A strand in the criticism has been a discussion of whether or not Amoris Laetitia, both as a document in itself or seen in terms of its specific content, can be considered a document of the Ordinary Magisterium (capitals intended). The intention of this line of argument has been to suggest that, if it is not part of the Magisterium, it can therefore be considered non-binding. The term "Magisterium" in this context refers narrowly to teaching offered as teaching for the universal Church and which is permanent in its character and therefore applicable over all time - Magisterium with a capital "M".
This has appeared to me to be rather beside what is the real point. Whatever we think of it, Amoris Laetitia is clearly an exercise by Pope Francis of his office as the Successor of Peter. It may contain pastoral indications that apply to particular situations of our own times, and therefore might not apply in the future; and it may contain indications for pastoral action that are for a time rather than being such that a future generation might consider binding. But it might also contain parts that are of more permanent value (for example, Chapter IV on love in marriage). In this, it is no different than many other actions of the ordinary magisterium, that is, of the exercise of their office by the Successors of Peter and the bishops in communion with him. The strict discussion of whether or not it is "Magisterium" appears somewhat sterile in this context; the real question for Catholics today is a rather different question.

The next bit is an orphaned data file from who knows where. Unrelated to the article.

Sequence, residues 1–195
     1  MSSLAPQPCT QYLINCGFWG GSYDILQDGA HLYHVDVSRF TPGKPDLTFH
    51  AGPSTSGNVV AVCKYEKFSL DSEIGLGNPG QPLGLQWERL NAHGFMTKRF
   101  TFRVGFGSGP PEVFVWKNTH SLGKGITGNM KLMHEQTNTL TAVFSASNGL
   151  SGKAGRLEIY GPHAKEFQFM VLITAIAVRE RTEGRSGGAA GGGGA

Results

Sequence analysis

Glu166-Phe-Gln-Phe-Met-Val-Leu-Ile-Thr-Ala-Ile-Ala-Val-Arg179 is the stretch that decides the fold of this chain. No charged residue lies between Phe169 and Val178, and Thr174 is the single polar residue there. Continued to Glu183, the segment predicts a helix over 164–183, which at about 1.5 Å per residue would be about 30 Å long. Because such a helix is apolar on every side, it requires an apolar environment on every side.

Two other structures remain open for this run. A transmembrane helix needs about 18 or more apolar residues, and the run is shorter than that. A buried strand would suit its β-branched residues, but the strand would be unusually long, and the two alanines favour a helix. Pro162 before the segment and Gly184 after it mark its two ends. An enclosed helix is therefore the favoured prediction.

Cardinal Marc Ouellet's address to the Canadian Bishops conference very subtly captured the appropriate response (with my emphasis added):
So we must re-read Amoris Laetitia in a spirit of pastoral conversion that assumes, first of all a genuine and unprejudiced receptivity to the pontifical teaching; secondly, a change of attitude in the face of cultures that are far from the faith; thirdly, a convincing testimony to the joy of the Gospel that emerges from faith in the Person of Jesus and his loving and merciful gaze upon all of human reality.The reading from St Peter Chrysologus offered as the "Meditation of the Day" in MAGNIFICAT for yesterday struck me as very apposite. St Peter Chrysologus is commenting on the Gospel text for yesterday's Mass, in which Jesus dines at the house of a leading Pharisee (Luke 14:1-6). The title given to the meditation was Jesus Went to Dine:
When he had entered the house, it says. In the house there was a trap, in the greeting a trial, in the seat at table a snare .....There jealousy was burning, envy was inflamed, anger was being cooked up, pretence provided the seasoning, and all the courses of slander were being made ready.
And, nevertheless, there that Lamb of God was eating, and not to be fed, but to be killed, just as if he knew none of this. He certainly was eating, brothers, not as if he were ignorant of this, but so that at least by his companionship, by their very intimacy and the gracious way in which he dined together with them, their ferocity might be tamed, their anger soothed, their envy extinguished. Then by his very humaneness these men might now return to being human again, they might acquire some affection, they might notice his gracious charm, they might welcome their parent, they might recognise his kindness, they might acknowledge his powers, they might love his curative treatments, and they might desire, and not attack, his acts of healing.